He begins the interview with some news explaining some background to The Song Project. “Ah, well, that’s something I started yesterday. I’m making another album at the moment; I’m writing original songs for a new album, and in the process of doing that and continuing to school myself in songwriting I’m learning and playing other people’s songs. I always do that anyway. But this time I’m recording them. The only rules are that we have to learn them and record them in the same day and make it there and then and not kind of overwork it. Just an exercise. We are filming them and recording them while we’re making this new album and we’re going to put them up on YouTube while we’re making this new album. You’re the first person in the world to know about that. It is with different musicians all the time. Yesterday it was my band and it will be different people each time.” 

Cullum is hesitant about describing his latest album Interlude, which has attracted huge interest both here and in the US and seen him make the cover of Downbeat and Jazz Times, as a return to his jazz roots. “I guess the record that came before Interlude was probably more of a pop-orientated record. But I made Momentum and Interlude at the same time: it’s just about scratching creative itches. The album that I’m working on at the moment is probably somewhere in-between. Then I might make another jazz record. It’s all part of the same thing. I don’t consciously return or disappear from anything. It’s probably the way of aiming to have a career that has some kind of longevity by just doing what feels good and feels right.”

Cullum on his Radio 2 show champions a wide range of new jazz talent, and he happily mentions some of the artists he has been struck particularly by lately. “There are lots of good new talents out there. We all know about Jacob Collier from YouTube and from Quincy Jones’ patronage but he’s someone I have been enjoying, truly a world class talent. And there’s a wonderful new singer-songwriter with a jazz edge to her called Ellie Rose Rusbridge who I think is really something special. We have just started playing her on the show and got an amazing reaction. I think Laura Jurd has just made something interesting with her new record, and what’s interesting about these young jazz composers, like Ellie Rose, Laura Jurd, and Alice Zawadzki, is lyrically they are all jumping far ahead. You know I’m not even talking about instrumentalists: I feel like the world of jazz is getting really good lyrics added to it recently. People are jumping on board with pretty amazing stuff.”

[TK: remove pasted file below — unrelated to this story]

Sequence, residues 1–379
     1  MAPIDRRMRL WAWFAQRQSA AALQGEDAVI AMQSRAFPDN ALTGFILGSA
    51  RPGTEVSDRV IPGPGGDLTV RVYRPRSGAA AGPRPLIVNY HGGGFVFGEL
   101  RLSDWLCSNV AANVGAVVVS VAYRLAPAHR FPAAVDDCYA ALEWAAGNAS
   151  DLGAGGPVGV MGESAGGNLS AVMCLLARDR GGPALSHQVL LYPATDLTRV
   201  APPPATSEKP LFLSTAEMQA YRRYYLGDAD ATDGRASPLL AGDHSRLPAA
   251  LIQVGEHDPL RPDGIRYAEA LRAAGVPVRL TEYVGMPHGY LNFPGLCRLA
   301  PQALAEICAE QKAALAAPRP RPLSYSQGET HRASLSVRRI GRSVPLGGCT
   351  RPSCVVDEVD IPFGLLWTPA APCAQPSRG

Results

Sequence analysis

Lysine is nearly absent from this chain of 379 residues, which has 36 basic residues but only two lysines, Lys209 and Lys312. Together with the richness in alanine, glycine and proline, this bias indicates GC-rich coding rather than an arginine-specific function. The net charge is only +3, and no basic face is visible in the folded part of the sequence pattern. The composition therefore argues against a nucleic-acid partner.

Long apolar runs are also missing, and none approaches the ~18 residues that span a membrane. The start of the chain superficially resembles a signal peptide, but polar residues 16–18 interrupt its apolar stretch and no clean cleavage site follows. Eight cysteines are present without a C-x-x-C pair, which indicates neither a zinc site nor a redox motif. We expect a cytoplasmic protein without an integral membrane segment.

Looking ahead to the Derry gig Cullum recalls impressions of an earlier visit. “I visited Derry/Londonderry in the capacity of making a radio documentary about piano just kind of deciding how vital the piano was still in modern life in some ways. And I ended up visiting Derry/Londonderry because I heard through many people about how amazing the local music scene still was. And I went to Bennigan’s and attended one of their famous jam sessions and chatted to some of the musicians there. I also went to a great girls’ school there called St Mary’s, did workshops there, and hung out with the choir and listened to some of the students playing piano. They have an amazing music department there and I’m always interested in that kind of thing in general. I spent a couple of days in Derry/Londonderry and just loved it really and really felt a great joy from being there. Obviously it was Year of Culture there though it might always be a year of culture there as they seem to have a vital self-made cultural scene. The main reason I am coming back and why I’m getting the choir from the school to perform is because they were so good and it was an amazing sign of how vital the growing music scene is there. For me I just made friends with them and thought it would be a nice opportunity for them to play on a real stage in front of a real audience. Hopefully, the people watching will get a kick out of it as well.”

Cullum says he doesn’t have a setlist in mind for the gig as such. “I never really quite know what I’m going to play. I’ll know when I’m there on the stage, and I guess I’ll be drawing from everything I’ve done. Not having played in Derry/Londonderry before I’ll see how I feel on the day. It’s nice as you get to really react to how you’re feeling – the feeling in the room.”